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A Discussion of Messianic Judaism, the Emerging Messianic Jewish Paradigm, and Related Leadership Issues from the Preoccupied Mind of Rabbi Stuart Dauermann, PhD.

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Tuesday, February 28, 2006

Some Unique Aspects of Messianic Jewish Mission to the Nations

(In this posting, yet another interaction with Lesslie Newbigin's thought-provoking "The Gospel in a Pluralist Society," we discover that Messianic Jewish mission to the nations, if it would be faithful, must not be identical to such activity by others.)

For Newbigin,

It [authentic Christian missional thought] must begin and continue by attending to what God has done in the story of Israel and supremely in the story of Jesus Christ. It must continue by indwelling that story so that it is our story, the way we understand the real story. And then . . . to attend with open hearts and minds to the real needs of people in the way that Jesus attended to them, knowing that the real need is that which can only be satisfied by everything that comes from the mouth of God [1989:152].

Newbigin sees story as primary, “stressing the priority of the gospel as the message, embodied in an actual story, of what God has in fact done, is doing, and will do. Christian theology is a form of rational discourse developed within the community which accepts the primacy of this story and seeks actively to live in the world in accordance with the story” [1989:152].

Of course, for Messianic Jews, the story, the God-given canonical narrative and metanarrative, is different. In contrast to all other nations, the Jewish story, even apart from explicit faith in Christ, is fully a story of God’s purposeful, even if hidden activity[as in the Book of Esther], and of Israel’s ongoing interaction, in approach and as well as avoidance, with the Living God. The Emerging Messianic Jewish Paradigm must therefore advocate that Messianic Jews make this Jewish story part of their own, as well as laboring to make their Yeshua faith an acknowledged part of wider Israel’s story.

We must question and resist misguided efforts by some to create a communal narrative which fails to recognize the presence of the Living God in the story of wider Israel. For example, it will no longer do to conceive of the Jewish community as one that simply lost contact with God and lost track of the truth 2,000 years ago. Something far more sophisticated was going on: Like Joseph, Yeshua has remained the hidden, sovereign Presence in the midst of Israel, nurturing and influencing the very Judaism which has sought to exclude or delegitimize Him, and, keeping his brethren alive in anticipation of the day of his ultimate self-revelation.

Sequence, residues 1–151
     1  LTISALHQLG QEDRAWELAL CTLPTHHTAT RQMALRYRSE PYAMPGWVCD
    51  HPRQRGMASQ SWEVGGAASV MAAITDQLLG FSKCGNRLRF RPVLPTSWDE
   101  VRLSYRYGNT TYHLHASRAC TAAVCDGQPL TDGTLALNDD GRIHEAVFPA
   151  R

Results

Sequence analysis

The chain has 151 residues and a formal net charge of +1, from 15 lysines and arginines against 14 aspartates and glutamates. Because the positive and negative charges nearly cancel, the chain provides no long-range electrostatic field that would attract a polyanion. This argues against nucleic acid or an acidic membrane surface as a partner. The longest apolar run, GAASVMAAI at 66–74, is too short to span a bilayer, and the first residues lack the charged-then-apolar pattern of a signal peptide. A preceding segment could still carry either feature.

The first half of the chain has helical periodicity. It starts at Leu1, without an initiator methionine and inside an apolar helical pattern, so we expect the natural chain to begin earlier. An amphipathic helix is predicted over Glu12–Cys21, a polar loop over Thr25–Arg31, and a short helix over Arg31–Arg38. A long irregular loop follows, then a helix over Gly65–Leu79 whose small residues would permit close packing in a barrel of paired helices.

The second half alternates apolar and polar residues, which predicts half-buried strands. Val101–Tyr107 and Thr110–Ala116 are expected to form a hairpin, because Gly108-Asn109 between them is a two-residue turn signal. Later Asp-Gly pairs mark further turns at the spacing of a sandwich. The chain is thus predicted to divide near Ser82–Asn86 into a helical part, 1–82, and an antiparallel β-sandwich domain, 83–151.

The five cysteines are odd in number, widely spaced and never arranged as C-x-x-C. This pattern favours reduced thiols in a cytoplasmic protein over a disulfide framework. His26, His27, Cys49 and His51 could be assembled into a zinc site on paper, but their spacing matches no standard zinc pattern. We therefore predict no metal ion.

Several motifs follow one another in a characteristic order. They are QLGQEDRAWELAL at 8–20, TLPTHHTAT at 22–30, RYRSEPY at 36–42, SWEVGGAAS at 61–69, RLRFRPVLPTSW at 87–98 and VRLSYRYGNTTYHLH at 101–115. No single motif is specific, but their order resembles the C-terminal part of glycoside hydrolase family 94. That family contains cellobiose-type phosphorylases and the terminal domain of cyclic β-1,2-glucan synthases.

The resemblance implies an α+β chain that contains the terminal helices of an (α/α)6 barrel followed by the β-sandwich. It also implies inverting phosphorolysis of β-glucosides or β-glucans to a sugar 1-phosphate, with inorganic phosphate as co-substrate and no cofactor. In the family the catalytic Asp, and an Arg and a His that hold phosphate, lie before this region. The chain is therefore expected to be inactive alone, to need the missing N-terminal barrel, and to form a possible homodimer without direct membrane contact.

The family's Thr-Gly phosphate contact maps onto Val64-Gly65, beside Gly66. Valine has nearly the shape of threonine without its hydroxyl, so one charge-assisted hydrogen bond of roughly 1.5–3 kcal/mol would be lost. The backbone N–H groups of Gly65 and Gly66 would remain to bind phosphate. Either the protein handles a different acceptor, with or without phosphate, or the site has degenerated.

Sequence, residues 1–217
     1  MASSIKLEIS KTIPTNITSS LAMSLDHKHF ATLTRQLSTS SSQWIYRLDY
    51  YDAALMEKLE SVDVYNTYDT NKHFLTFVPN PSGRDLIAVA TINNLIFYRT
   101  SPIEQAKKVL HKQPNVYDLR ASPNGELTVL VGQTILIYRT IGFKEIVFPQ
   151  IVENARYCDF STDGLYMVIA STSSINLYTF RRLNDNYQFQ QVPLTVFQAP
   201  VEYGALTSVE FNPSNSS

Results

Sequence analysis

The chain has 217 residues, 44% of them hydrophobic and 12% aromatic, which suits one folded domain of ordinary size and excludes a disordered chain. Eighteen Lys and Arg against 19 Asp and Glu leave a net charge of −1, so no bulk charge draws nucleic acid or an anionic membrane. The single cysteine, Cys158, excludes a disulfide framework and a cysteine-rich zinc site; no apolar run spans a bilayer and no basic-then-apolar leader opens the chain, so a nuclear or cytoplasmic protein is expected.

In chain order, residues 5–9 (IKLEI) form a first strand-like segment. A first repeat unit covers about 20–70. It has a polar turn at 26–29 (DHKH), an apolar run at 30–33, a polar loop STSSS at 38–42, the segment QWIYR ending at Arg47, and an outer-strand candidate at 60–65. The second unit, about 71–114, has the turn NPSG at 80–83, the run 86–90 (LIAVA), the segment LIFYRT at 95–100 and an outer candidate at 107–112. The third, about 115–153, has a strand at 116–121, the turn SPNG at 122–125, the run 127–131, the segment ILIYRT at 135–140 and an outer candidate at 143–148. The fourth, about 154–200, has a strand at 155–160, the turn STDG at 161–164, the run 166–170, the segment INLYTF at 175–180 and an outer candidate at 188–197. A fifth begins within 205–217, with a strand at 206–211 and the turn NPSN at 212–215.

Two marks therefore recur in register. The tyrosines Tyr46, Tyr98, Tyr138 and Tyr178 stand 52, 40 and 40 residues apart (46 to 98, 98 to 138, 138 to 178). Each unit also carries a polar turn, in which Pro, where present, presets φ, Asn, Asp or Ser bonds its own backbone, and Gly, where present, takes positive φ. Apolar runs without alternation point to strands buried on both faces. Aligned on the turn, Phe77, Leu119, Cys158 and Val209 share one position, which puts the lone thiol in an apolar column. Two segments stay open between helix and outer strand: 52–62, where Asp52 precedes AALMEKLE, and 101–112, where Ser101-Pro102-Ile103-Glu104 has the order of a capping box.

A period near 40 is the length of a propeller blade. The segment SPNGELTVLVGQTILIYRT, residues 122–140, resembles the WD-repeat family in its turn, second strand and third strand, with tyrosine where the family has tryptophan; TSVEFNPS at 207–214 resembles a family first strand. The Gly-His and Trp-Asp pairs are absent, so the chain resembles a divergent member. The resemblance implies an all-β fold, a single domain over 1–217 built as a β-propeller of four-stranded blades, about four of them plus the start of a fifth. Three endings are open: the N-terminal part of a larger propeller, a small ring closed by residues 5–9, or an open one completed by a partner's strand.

We might therefore paraphrase Newbigin as follows: “Messianic Jewish theology is a form of rational discourse developed within the community which accepts the primacy of Israel’s story of God, Israel and Torah, recognizes the now hidden, but ultimately to be revealed presence of Yeshua, and seeks actively to live in the world in accordance with this story.”

Newbigin outlines ways in which the theological community can fail to fulfill its calling: by failing to take seriously the world in which it is set, clinging to its holy past instead of “risking its life in a deep involvement in the world;” or, on the other hand “by allowing the world to dictate the issues and the terms of the meeting. The result then is that the world is not challenged at its depth but rather absorbs and domesticates the gospel and uses it to sacralize its own purposes” (152).

The same dangers confront the Messianic Jewish community. We can become withdrawn, cloistered, self-involved, or, on the other hand, we can effectively put ourselves up for sale, making everything a non-negotiable for the sake of being “user-friendly.”

True contextualization accords to the gospel its rightful primacy, its power to penetrate every culture and to speak within each culture, in its own speech and symbol, the word is both No and Yes, both judgment and grace. And that happens when the word is not a disembodied word, but comes from a community which embodies the true story, God’s story, in a style of life which communicates both the grace and the judgment. In order that it may do this, it must be both truly local and truly ecumenical. Truly local in that it embodies God’s particular word of grace and judgment for that people. Truly ecumenical in being open to the witness of churches in all other places, and thus saved from absorption into the culture of that place and enabled to represent to that place the universality, the catholicity of God’s purpose of grace and judgment for all humanity [1989:152]